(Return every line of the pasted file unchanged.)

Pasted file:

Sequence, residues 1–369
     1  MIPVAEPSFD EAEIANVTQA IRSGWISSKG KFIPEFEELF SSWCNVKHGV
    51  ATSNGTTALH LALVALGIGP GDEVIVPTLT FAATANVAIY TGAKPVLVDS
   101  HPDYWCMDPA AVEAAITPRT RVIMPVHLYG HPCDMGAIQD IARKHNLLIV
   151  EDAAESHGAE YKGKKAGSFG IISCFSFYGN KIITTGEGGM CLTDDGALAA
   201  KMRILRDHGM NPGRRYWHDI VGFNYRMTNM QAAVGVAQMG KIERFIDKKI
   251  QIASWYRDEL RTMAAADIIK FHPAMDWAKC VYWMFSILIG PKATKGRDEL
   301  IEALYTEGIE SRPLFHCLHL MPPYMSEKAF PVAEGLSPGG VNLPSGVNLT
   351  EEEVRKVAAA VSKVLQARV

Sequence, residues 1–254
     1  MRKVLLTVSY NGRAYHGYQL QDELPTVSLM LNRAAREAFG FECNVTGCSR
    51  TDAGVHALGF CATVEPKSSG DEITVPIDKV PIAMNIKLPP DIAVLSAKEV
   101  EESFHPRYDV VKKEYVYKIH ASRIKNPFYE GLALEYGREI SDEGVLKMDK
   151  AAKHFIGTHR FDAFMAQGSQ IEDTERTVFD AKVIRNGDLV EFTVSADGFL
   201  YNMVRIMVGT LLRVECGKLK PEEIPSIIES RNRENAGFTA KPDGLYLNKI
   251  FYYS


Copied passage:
Sequence, residues 1–369
     1  MIPVAEPSFD EAEIANVTQA IRSGWISSKG KFIPEFEELF SSWCNVKHGV
    51  ATSNGTTALH LALVALGIGP GDEVIVPTLT FAATANVAIY TGAKPVLVDS
   101  HPDYWCMDPA AVEAAITPRT RVIMPVHLYG HPCDMGAIQD IARKHNLLIV
   151  EDAAESHGAE YKGKKAGSFG IISCFSFYGN KIITTGEGGM CLTDDGALAA
   201  KMRILRDHGM NPGRRYWHDI VGFNYRMTNM QAAVGVAQMG KIERFIDKKI
   251  QIASWYRDEL RTMAAADIIK FHPAMDWAKC VYWMFSILIG PKATKGRDEL
   301  IEALYTEGIE SRPLFHCLHL MPPYMSEKAF PVAEGLSPGG VNLPSGVNLT
   351  EEEVRKVAAA VSKVLQARV

Sequence, residues 1–254
     1  MRKVLLTVSY NGRAYHGYQL QDELPTVSLM LNRAAREAFG FECNVTGCSR
    51  TDAGVHALGF CATVEPKSSG DEITVPIDKV PIAMNIKLPP DIAVLSAKEV
   101  EESFHPRYDV VKKEYVYKIH ASRIKNPFYE GLALEYGREI SDEGVLKMDK
   151  AAKHFIGTHR FDAFMAQGSQ IEDTERTVFD AKVIRNGDLV EFTVSADGFL
   201  YNMVRIMVGT LLRVECGKLK PEEIPSIIES RNRENAGFTA KPDGLYLNKI
   251  FYYS